Location, at Home, CA
We had a wonderful Christmas day yesterday!
Our niece Chelsea invited us to her house to spend the day. Clyda and I supply the BBQ'ed turkey and a ham and they supply the remainder of the meal. Her husband Steve does the cooking and a really great job it is.
I cooked the turkey on Christmas eve about mid-day. I keep an old Weber BBQ kettle around just for that. Here are some photos of the process.
I light the charcoal with an electric starter. No fumes from starter fluid that way.
I put my charcoal in groups of five briquets, ready to add five to a side every 30 minutes.
Aluminum pan ready to put under the bird with 1/2 inch of water in it to add moisture and catch those all important drippings for gravy.
Rosemary ready to be add to the grill when I add charcoal. It adds flavor to the smoke.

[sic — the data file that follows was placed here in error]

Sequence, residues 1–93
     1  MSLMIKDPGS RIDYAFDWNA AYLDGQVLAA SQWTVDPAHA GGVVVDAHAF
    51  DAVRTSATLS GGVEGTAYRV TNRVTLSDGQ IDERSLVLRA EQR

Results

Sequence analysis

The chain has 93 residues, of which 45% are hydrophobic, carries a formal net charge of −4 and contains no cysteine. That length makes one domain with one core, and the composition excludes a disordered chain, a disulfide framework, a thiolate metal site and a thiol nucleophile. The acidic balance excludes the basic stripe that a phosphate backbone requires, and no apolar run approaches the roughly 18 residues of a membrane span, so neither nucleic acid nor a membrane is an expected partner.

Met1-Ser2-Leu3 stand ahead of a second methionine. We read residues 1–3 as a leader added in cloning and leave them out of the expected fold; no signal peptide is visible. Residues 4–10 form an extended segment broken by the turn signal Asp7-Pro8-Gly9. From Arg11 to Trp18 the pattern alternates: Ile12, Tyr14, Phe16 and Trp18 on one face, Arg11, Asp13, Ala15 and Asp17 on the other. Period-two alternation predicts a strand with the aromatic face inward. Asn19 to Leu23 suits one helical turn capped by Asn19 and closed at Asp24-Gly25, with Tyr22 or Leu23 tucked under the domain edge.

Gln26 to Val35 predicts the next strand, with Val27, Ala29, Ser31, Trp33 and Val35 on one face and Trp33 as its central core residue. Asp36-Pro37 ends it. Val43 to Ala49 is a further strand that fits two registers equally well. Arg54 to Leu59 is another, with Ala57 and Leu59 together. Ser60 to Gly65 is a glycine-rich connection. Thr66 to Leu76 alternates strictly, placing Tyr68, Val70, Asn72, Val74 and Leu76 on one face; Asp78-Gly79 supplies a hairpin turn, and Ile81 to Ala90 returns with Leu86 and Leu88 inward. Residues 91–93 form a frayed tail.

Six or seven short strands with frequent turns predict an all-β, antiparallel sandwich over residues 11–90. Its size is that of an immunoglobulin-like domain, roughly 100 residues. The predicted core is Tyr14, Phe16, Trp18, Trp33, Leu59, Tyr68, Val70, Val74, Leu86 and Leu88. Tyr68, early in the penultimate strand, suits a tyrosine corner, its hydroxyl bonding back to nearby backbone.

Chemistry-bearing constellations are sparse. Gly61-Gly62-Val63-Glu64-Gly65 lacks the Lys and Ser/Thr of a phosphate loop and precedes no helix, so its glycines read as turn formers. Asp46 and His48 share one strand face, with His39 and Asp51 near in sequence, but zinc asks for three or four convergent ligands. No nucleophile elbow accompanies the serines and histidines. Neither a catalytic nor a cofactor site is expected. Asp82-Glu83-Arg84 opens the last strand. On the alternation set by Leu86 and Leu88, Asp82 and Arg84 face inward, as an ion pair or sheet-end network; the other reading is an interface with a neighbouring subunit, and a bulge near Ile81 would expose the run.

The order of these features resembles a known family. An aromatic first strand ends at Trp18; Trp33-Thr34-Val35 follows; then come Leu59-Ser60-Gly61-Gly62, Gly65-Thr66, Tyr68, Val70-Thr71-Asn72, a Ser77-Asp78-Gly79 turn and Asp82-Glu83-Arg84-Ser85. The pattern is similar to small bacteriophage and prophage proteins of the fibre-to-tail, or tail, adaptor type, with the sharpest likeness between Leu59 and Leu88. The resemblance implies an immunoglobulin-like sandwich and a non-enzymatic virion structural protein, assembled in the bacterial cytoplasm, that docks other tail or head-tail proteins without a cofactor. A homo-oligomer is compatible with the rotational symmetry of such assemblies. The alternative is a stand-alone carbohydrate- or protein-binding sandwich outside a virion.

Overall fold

I use a rack to hold the turkey up-right. No real need for the chains for a smaller bird. The pan is only used to carry the bird to the grill.
I add a quartered onion to the cavity and some sprigs of rosemary.
I baste the outside with a mixture of chopped rosemary, olive oil, and pepper.
Briquets are ready and I have added 5 new briquets to each side.
Five more will be added to each side every 30 minutes. I do this by sliding the lid sideways and dropping the briquets through the hole provided in the grill. The lid is never removed to retain the heat during cooking.
Turkey is on the rack over the drip pan ready to cook. It will cook for 11-13 minutes per lb.
In this case a 13 lb turkey will cook for 3 hours and reach an internal temperature measured in the thigh with a thermometer of 170 degrees.
Three hours later. Perfectly done! The gravy is to die for!
I am limited to a 12-13 pound turkey by the size of the BBQ. I don't want the turkey to touch the lid. I have been doing turkeys to perfection this way for years.
I also have a lot of rosemary as I have two hedges built from the Tuscan Blue variety. It comes in handy at Thanksgiving or Christmas time.